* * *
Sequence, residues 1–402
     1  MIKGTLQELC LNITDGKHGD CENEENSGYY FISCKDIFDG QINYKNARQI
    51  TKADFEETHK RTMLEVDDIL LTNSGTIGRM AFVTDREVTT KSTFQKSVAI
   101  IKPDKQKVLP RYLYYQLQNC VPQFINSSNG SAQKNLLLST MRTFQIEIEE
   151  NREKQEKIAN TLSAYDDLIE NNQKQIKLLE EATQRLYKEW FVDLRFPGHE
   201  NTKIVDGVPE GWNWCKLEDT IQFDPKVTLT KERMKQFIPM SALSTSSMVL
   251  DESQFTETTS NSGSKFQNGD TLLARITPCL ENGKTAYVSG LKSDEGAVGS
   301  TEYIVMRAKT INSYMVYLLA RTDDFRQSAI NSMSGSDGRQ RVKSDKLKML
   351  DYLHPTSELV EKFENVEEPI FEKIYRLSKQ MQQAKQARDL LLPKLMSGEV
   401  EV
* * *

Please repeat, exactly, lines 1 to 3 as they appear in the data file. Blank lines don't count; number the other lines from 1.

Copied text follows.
Sequence, residues 1–402
     1  MIKGTLQELC LNITDGKHGD CENEENSGYY FISCKDIFDG QINYKNARQI
    51  TKADFEETHK RTMLEVDDIL LTNSGTIGRM AFVTDREVTT KSTFQKSVAI